Science for all and science for scientists
Twenty First Century Science in action at Bishop Douglass Science College, north London
Our science curriculum offers flexibility and genuine choice to cope with the diversity of students' interests and aspirations. Only a minority become professional scientists. But we all need to be able to cope with the science that shapes our lives. We are on the receiving end of scientific ideas and technical information in many different roles such as householder, parent, worker, patient, voter or juror.
All young people, whatever their future, need a science education to prepare them to make sense of science while appreciating what science has to say about themselves, their environment and the Universe. Some young people aspire to be scientists or to work in fields where a knowledge of science is essential. Educating the next generation of scientific and technical practitioners is also crucial.
In short, we need both science for everyone and science for scientists – for those who will go on to use science as a major part of their work.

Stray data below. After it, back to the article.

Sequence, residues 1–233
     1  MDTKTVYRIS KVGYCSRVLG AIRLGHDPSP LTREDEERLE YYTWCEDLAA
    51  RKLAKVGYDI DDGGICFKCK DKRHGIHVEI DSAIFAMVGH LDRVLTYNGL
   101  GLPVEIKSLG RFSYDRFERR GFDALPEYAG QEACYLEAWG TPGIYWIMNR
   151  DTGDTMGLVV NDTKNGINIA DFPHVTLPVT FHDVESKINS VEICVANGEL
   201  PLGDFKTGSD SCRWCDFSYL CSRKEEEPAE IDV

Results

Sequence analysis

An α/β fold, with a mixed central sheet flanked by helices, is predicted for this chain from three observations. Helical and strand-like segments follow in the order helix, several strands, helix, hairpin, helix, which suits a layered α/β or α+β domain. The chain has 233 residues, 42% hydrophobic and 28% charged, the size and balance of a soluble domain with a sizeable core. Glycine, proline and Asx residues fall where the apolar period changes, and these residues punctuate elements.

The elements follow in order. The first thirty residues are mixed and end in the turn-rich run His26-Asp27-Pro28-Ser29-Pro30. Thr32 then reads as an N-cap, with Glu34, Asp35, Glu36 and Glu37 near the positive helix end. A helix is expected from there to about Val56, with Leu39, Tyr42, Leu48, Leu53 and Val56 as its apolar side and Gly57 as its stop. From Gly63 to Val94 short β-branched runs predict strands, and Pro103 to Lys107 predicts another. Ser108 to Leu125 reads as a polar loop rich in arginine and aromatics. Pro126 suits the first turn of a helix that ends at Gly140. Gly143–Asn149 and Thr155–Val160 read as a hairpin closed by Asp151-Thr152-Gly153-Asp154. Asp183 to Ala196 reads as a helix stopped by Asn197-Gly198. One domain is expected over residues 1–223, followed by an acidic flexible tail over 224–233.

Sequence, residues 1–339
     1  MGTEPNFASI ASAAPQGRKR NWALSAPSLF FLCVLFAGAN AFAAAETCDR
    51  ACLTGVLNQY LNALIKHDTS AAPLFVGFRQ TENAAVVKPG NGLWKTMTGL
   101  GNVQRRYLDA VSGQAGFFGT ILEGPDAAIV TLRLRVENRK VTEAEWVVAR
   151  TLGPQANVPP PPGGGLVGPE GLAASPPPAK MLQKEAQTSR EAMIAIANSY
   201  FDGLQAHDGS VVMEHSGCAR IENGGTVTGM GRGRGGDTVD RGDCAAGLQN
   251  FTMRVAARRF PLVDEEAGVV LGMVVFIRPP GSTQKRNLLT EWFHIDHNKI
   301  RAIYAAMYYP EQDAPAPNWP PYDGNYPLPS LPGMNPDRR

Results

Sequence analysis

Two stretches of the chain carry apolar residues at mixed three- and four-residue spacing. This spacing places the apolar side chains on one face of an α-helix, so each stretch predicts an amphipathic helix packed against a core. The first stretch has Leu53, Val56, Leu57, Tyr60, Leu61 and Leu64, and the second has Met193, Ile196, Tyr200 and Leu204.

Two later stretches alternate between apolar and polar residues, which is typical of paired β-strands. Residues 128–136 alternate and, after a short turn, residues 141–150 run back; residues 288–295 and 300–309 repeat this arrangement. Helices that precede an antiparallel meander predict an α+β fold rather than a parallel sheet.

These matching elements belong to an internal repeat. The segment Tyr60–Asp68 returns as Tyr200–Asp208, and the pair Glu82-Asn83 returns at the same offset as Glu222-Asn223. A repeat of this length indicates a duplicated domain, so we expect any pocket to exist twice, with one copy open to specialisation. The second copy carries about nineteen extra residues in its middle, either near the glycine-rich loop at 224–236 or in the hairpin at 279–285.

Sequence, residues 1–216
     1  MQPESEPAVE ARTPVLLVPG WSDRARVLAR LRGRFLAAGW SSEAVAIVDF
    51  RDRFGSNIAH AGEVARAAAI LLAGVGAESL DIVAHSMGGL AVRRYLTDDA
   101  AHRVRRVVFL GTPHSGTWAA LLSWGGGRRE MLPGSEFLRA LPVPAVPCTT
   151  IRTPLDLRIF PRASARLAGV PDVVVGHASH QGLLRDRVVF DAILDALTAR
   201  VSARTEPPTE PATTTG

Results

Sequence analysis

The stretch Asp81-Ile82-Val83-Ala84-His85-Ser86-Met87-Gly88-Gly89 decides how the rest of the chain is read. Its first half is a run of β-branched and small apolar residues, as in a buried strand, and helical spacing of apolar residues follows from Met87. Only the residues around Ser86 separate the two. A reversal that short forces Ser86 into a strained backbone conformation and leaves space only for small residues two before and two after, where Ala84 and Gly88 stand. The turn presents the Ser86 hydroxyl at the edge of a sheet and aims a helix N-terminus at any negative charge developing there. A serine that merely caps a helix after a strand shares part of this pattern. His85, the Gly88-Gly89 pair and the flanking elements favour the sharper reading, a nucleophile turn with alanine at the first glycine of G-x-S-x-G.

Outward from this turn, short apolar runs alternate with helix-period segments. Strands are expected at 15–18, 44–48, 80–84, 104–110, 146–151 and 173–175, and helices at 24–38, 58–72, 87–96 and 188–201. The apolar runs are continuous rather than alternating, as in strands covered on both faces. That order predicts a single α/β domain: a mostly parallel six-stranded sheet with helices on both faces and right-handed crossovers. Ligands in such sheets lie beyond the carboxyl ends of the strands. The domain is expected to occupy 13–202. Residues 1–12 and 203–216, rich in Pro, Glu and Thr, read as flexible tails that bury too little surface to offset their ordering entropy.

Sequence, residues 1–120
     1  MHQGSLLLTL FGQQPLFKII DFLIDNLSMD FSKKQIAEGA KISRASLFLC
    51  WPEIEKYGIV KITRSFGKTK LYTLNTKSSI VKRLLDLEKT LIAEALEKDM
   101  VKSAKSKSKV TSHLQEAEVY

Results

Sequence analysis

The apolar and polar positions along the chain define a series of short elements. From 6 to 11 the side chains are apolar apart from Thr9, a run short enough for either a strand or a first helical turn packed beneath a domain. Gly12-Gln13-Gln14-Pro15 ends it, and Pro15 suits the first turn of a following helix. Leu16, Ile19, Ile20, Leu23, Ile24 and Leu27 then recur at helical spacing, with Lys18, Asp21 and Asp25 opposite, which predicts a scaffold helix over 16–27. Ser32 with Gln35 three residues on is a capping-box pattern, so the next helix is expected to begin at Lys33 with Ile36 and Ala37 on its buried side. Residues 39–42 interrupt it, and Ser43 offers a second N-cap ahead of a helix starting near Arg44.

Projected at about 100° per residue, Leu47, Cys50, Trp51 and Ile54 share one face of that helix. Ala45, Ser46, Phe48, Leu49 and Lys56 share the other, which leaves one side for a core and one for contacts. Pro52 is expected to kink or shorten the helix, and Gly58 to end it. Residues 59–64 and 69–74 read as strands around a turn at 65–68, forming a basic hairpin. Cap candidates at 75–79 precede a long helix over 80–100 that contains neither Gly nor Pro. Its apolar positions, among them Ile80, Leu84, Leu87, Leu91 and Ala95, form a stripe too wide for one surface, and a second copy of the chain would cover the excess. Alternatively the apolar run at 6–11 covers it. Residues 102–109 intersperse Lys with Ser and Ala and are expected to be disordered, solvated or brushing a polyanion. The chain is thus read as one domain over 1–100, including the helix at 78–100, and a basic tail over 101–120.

Science: scientific literacy for all
There is a GCSE Science course for all Key Stage 4 students (age 14 to 16), taking 10% of their curriculum time and leading to one GCSE grade. All students need this whether or not they continue with science.
Additional science by choice
Alongside GCSE Science, young people can opt for one of two GCSE Additional Science courses, also taking 10% of curriculum time and leading to one GCSE grade. Because the courses are independent, the GCSE grades may differ. The two forms of Additional Science are:
By separating the GCSE Science course and the Additional or Separate Science courses, this model makes it much easier for a student to correct a choice they later come to regret. Choice allows flexibility, without closing doors.
The Triple Science (Separate Sciences) and Entry level courses provide even more flexibility.
Triple Science (Separate Sciences)
Students can choose to study for three GCSEs in Biology, Chemistry and Physics. This is possible in Twenty First Century Science. We offer extra topics which supplement the Science and Additional Science courses to provide a programme of Separate Sciences.
For a variety of reasons, some students are not ready to start a GCSE Science course at the age of 14. We have worked with OCR to revise their succcessful Entry level specification so that students can follow the Entry Level course in schools using Twenty First Century Science.
Some students can then move on to the GCSE courses.